England

Sussex university students illegally buying 'smart pills'

Modafinil
Image caption The drug Modafinil is the most popular type of "smart pill" taken by students who want to stay awake for longer

Students are illegally selling powerful prescription drugs which can boost their concentration and improve their grades, BBC South East has discovered.

"Smart pills" are being sold on university campuses after being bought online and imported into the UK.

Sarah, who last year graduated from the University of Sussex, said tablets could be bought in bulk for 50p each and sold on for upwards of £3.

The university said students should not take drugs not prescribed to them.

The drug Modafinil is the most popular type of "smart pill" taken by students who want to stay awake and alert for longer.

Live: More news from across the South East

While it is a criminal offence in the UK to sell the drug in person or online without a valid prescription, it is legal to buy and import it into the UK for personal use.

The Medicines and Healthcare Products Regulatory Agency (MHRA) warned the drugs could contain all sorts of impurities, and those selling it were only interested in making money.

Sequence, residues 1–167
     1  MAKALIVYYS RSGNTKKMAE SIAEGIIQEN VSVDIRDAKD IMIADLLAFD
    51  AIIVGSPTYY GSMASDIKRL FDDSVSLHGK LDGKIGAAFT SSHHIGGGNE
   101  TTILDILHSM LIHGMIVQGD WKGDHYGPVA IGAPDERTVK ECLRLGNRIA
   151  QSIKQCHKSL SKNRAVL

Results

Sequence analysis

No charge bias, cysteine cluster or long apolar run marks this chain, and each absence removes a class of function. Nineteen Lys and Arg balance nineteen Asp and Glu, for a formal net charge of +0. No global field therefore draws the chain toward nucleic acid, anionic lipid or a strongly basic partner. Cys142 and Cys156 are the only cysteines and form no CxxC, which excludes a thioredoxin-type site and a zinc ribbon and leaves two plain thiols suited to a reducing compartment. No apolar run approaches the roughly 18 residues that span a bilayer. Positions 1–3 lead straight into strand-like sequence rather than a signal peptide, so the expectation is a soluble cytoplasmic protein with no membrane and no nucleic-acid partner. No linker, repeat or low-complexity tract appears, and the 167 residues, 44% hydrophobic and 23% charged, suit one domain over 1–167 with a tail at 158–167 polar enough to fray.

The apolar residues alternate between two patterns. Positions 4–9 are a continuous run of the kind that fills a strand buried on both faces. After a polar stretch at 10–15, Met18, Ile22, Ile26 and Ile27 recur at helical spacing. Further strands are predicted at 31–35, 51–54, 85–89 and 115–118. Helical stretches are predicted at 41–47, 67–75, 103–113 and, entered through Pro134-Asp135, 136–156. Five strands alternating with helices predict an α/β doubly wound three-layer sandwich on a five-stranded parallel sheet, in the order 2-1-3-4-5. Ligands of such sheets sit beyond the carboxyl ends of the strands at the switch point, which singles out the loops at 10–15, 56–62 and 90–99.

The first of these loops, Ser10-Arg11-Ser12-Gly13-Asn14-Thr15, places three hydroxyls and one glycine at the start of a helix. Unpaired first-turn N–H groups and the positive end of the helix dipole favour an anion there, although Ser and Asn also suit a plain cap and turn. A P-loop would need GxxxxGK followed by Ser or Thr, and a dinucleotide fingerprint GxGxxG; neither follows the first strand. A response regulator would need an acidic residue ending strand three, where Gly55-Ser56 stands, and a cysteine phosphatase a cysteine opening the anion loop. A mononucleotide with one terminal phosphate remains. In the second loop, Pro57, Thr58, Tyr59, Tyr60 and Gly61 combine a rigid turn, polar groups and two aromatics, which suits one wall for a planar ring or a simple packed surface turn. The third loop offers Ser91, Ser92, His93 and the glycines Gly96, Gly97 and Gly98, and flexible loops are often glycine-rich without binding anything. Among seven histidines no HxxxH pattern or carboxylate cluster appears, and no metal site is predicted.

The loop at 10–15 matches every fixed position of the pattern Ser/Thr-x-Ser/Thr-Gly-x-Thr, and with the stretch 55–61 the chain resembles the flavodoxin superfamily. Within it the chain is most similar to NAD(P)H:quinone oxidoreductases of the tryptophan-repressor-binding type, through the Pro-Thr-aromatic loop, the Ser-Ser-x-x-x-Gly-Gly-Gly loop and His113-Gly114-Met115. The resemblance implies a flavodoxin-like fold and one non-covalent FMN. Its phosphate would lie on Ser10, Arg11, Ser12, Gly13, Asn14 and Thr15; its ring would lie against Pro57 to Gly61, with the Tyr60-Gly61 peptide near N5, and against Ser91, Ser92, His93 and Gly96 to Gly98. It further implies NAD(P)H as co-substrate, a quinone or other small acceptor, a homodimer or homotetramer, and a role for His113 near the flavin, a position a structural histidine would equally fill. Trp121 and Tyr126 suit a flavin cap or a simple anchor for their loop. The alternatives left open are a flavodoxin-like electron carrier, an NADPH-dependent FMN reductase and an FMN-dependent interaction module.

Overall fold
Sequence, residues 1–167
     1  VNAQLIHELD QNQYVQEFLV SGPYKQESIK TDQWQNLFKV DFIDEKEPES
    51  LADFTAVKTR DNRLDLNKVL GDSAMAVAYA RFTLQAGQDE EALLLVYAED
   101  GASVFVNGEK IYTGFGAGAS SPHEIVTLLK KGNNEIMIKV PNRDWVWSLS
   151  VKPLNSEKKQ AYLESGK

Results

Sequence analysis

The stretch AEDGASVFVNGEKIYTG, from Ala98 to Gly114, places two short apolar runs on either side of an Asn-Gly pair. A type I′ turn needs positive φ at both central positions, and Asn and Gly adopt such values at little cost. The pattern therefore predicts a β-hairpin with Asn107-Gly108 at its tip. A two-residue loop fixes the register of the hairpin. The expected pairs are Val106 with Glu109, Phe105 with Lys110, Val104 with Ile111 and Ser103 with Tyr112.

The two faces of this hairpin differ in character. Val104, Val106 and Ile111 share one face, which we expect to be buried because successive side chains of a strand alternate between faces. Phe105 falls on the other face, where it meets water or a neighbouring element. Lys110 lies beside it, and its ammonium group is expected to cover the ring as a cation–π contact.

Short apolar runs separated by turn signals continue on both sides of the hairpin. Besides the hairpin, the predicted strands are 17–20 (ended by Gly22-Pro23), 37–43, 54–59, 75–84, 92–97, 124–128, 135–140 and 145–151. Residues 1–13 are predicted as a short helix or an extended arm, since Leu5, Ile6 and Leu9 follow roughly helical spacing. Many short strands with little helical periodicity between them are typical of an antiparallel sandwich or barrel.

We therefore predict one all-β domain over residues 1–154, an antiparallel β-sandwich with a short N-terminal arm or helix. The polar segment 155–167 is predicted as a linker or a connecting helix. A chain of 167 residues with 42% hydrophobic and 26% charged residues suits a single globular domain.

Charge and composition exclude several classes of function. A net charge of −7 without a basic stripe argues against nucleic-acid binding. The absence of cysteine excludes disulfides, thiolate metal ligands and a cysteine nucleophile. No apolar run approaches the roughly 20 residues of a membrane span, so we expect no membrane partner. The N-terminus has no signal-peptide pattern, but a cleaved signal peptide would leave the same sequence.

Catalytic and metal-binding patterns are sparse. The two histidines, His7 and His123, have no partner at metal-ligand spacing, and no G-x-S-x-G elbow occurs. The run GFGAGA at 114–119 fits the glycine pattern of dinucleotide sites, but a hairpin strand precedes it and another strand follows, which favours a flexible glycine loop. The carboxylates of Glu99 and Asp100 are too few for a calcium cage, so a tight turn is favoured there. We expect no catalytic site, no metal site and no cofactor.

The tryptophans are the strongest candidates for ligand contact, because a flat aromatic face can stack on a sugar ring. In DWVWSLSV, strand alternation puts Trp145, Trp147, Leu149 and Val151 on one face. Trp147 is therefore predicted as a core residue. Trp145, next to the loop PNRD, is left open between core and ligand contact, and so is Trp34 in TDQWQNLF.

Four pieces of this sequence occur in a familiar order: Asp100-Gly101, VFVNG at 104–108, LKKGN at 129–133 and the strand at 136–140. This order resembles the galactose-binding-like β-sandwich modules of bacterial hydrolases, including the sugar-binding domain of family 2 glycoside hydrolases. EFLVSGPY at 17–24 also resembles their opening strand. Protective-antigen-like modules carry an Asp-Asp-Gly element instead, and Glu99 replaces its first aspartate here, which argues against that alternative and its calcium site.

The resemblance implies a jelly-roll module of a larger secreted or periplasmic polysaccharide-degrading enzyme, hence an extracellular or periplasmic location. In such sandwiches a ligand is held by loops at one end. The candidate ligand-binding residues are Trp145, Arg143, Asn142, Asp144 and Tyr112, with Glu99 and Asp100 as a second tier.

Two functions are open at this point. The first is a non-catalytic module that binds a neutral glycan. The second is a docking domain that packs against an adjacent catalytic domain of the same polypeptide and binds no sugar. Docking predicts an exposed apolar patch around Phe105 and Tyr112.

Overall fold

The pills are prescribed legally by doctors to patients who suffer with severe sleep or attention deficit disorders.

Side effects include heart problems, psychosis, hallucinations and severe skin reactions.

Sarah told BBC South East she regularly took and sold the drug Modafinil during her degree at the university in Falmer.

"I would say that more people I know have tried it and used it than haven't."

Image caption The "smart pills" are particulary popular among students when it comes to exam time

She said students who initially bought the tablets could make a large profit by selling them on to their peers.

"I've known people pay £10 a tablet just to get their hands on it, especially around exam time when people are really frustrated and they just need to spend the whole night cramming," she said.

Ali, a student at the University of Kent, also bought Modafinil when he was stressed about exams and coursework.

"I needed something to keep me energetic and make sure I could actually focus on my work," he said.

A statement from the university in Canterbury said it was not aware of any incidents or concerns reported in relation to the use of Modafinil, and it was prescribed to "a small number of students for valid medical reasons".

More on this story

Related Internet links

The BBC is not responsible for the content of external Internet sites